Niu: Apple peaked in early October, and then all the China trade war stuff combined with earnings and these reports that they're cutting production on the iPhone XR. A lot of these negative storylines are controlling to Apple pulling back quite a bit. Meanwhile, Microsoft, even further out, the past two or three years, it's been marching steadily higher. Very consistent, up and to the right. I think a lot of that is attributable to CEO Satya Nadella continuing to execute well on his cloud and cross-platform strategies. Now, with Apple pulling back, Microsoft continuing to go up. Here we are now, they're neck and neck again.
Lewis: The story for Microsoft is, they made this switch in how they were delivering the Office Suite, and making it an as-a-service business. This helped remedy a lot of the issues that they were experiencing. In the past, you could run on old Office software that you'd bought for quite some time, and run it until your machine hit the ground and it was useless. Now, you're paying a monthly subscription or something like that. It's much more appealing, gives them much more steady cash flows. We talk about this a ton, but as-a-service businesses are just better if you're trying to deliver software content. They made that switch. It was a little painful for them to do that, but they're clearly enjoying the results of that now.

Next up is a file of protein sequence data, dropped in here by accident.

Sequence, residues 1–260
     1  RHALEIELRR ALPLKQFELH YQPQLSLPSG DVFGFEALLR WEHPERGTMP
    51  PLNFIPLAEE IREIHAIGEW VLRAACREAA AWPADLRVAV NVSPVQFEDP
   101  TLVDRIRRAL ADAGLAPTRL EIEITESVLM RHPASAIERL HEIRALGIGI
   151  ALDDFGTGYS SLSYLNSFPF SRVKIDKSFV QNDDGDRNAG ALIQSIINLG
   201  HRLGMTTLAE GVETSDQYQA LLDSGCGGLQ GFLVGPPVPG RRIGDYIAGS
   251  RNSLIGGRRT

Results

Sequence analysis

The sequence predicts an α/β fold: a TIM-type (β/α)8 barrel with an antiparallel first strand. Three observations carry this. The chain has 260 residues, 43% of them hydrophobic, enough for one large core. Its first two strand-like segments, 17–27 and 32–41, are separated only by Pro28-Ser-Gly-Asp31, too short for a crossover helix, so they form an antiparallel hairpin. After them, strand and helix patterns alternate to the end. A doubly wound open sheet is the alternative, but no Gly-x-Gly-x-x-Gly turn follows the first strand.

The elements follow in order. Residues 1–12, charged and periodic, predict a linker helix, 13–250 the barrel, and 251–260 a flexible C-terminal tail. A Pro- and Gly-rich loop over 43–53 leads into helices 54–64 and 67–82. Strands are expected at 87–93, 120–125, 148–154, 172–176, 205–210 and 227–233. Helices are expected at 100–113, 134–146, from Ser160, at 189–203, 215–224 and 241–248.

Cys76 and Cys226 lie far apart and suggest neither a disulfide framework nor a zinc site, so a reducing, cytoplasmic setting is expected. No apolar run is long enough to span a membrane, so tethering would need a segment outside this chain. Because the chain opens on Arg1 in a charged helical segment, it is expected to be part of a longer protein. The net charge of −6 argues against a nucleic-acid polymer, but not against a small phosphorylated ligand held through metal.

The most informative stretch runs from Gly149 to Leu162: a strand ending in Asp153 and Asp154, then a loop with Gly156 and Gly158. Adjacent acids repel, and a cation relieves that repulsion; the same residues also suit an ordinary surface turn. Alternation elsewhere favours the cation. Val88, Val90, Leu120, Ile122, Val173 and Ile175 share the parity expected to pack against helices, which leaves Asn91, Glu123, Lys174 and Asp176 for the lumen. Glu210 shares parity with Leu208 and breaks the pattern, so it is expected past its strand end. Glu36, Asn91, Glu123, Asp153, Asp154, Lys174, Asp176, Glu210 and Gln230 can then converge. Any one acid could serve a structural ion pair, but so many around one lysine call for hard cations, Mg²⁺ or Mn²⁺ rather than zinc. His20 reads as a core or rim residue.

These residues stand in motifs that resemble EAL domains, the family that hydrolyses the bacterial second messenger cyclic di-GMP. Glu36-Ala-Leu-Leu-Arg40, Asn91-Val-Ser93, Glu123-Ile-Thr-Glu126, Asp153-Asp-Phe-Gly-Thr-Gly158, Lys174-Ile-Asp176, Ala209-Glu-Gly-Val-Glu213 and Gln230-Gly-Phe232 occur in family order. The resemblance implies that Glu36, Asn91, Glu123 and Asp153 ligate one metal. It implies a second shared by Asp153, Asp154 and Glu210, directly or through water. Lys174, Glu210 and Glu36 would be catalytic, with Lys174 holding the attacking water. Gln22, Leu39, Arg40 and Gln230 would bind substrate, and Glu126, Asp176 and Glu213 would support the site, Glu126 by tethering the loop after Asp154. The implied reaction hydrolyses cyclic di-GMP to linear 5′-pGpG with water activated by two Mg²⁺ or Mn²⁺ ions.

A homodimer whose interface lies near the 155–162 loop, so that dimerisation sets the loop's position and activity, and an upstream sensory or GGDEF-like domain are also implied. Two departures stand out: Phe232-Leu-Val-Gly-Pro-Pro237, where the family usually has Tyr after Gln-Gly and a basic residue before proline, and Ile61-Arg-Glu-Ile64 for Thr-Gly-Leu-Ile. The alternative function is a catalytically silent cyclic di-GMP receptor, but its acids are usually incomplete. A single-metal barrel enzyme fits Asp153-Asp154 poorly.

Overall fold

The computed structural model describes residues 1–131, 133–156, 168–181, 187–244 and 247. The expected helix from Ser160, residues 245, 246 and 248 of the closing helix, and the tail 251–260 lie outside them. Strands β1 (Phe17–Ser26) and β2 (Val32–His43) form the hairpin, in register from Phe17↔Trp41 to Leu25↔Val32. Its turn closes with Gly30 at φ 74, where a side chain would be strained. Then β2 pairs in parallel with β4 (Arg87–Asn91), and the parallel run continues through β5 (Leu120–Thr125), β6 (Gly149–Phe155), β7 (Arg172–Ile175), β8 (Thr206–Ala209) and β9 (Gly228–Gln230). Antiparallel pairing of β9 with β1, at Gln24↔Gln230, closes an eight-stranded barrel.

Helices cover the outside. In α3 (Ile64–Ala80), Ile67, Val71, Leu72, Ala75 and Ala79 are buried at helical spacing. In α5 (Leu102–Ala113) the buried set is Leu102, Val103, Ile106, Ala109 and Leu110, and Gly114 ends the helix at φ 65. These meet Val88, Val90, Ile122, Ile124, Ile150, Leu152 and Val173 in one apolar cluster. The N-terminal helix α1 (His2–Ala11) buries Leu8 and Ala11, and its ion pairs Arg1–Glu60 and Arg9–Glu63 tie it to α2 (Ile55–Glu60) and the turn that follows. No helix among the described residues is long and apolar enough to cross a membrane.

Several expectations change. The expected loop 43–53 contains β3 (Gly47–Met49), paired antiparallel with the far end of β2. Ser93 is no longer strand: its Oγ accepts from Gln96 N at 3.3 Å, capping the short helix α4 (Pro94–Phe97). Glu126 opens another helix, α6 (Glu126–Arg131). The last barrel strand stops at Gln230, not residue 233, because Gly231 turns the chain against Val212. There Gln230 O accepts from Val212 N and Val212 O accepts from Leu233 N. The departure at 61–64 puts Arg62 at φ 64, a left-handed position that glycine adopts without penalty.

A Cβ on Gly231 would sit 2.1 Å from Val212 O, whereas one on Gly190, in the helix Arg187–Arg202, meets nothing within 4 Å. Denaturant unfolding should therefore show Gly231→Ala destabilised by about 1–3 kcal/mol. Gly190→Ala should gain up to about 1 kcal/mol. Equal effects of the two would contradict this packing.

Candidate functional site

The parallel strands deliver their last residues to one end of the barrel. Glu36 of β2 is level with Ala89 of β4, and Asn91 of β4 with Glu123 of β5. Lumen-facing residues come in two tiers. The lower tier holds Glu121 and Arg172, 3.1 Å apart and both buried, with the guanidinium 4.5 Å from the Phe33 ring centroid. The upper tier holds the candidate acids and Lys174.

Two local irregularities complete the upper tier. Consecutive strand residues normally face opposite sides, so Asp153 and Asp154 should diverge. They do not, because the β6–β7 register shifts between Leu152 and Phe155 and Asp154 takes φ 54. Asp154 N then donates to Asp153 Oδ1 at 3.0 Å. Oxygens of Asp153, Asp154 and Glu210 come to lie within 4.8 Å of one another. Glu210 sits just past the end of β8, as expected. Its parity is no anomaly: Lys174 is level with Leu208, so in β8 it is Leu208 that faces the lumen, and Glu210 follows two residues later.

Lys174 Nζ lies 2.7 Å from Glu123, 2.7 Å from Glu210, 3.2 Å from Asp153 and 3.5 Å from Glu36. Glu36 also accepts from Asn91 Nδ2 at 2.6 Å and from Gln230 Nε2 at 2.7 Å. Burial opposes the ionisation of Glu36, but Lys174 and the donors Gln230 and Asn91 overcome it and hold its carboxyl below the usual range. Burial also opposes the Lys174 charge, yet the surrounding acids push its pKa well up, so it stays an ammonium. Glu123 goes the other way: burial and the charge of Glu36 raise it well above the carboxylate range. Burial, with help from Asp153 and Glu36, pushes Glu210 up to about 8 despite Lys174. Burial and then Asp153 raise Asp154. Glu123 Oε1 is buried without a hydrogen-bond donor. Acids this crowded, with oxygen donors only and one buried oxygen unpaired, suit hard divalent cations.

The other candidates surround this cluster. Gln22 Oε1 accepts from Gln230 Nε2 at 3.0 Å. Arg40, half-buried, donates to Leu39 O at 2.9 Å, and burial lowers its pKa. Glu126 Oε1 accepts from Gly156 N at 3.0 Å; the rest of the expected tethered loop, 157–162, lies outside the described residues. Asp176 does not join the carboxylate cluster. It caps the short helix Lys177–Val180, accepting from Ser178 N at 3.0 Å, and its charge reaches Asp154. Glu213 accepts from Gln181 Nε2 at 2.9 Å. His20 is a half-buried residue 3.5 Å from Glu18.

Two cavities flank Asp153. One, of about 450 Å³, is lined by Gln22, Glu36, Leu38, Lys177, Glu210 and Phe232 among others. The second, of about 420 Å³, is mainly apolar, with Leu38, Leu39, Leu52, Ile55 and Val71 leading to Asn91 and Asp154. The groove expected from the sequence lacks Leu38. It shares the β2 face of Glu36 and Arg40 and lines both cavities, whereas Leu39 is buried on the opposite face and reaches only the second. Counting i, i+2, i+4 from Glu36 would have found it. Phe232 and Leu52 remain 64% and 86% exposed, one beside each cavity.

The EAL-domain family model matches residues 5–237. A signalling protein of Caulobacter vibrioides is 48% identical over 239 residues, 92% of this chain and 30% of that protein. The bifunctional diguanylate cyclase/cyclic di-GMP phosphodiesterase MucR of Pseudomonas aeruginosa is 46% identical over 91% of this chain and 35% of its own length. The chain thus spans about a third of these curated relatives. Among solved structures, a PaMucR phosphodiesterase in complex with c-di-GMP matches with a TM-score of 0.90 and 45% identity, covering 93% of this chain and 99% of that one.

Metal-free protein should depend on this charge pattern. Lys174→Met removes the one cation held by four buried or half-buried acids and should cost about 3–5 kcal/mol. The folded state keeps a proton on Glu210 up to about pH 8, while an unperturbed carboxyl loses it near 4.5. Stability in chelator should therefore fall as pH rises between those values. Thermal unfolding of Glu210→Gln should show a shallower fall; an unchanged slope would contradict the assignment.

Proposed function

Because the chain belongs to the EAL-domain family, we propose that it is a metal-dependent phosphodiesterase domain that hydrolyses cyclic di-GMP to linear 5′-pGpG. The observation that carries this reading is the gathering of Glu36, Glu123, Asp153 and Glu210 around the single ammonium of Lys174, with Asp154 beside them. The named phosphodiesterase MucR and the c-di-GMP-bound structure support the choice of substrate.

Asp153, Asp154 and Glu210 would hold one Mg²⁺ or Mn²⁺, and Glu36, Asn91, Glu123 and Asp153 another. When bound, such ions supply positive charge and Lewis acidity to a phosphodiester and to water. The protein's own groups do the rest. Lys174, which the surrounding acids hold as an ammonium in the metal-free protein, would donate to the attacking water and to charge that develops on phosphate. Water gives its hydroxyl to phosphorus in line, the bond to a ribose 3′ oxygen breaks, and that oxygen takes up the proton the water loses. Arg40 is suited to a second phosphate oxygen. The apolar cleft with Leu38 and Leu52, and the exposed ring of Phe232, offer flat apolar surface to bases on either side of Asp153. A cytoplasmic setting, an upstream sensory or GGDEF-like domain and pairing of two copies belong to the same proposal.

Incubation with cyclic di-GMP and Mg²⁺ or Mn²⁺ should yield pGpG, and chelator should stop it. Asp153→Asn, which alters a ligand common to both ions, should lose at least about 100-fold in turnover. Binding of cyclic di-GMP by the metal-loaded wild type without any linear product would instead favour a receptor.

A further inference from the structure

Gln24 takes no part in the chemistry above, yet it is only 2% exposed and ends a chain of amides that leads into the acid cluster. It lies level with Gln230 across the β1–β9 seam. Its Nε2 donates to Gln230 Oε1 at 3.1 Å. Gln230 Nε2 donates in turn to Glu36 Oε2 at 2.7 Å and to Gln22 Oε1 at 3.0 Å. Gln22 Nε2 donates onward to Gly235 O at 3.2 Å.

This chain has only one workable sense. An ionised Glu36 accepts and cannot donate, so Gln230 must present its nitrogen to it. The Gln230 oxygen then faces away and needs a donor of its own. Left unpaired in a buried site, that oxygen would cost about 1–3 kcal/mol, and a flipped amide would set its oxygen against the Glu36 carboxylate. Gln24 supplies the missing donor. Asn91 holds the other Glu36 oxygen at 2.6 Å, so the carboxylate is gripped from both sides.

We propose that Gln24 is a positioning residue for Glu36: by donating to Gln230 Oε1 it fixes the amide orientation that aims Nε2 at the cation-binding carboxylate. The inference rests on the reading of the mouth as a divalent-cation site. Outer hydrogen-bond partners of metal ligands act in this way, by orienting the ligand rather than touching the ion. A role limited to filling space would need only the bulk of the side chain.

Niu: Right. They started this a long time ago. You're absolutely right. Generally speaking, investors love subscription businesses, because it's recurring, it's usually high-margin, and it gives you a lot of visibility into where the business is going. Microsoft recognized this many years ago, well before Nadella was named CEO. They launched Office 365 back in 2011. Office has always been one of their most profitable cash cows. Getting that business to a subscription model was always uncertain, but they've done an incredible job with that. They now have over 170 million users for Office 365, including both commercial and consumer. I think they've done a really good job over the past seven years getting that business into a subscription model, and really justifying why that model makes more sense for most customers, including both enterprise and home users.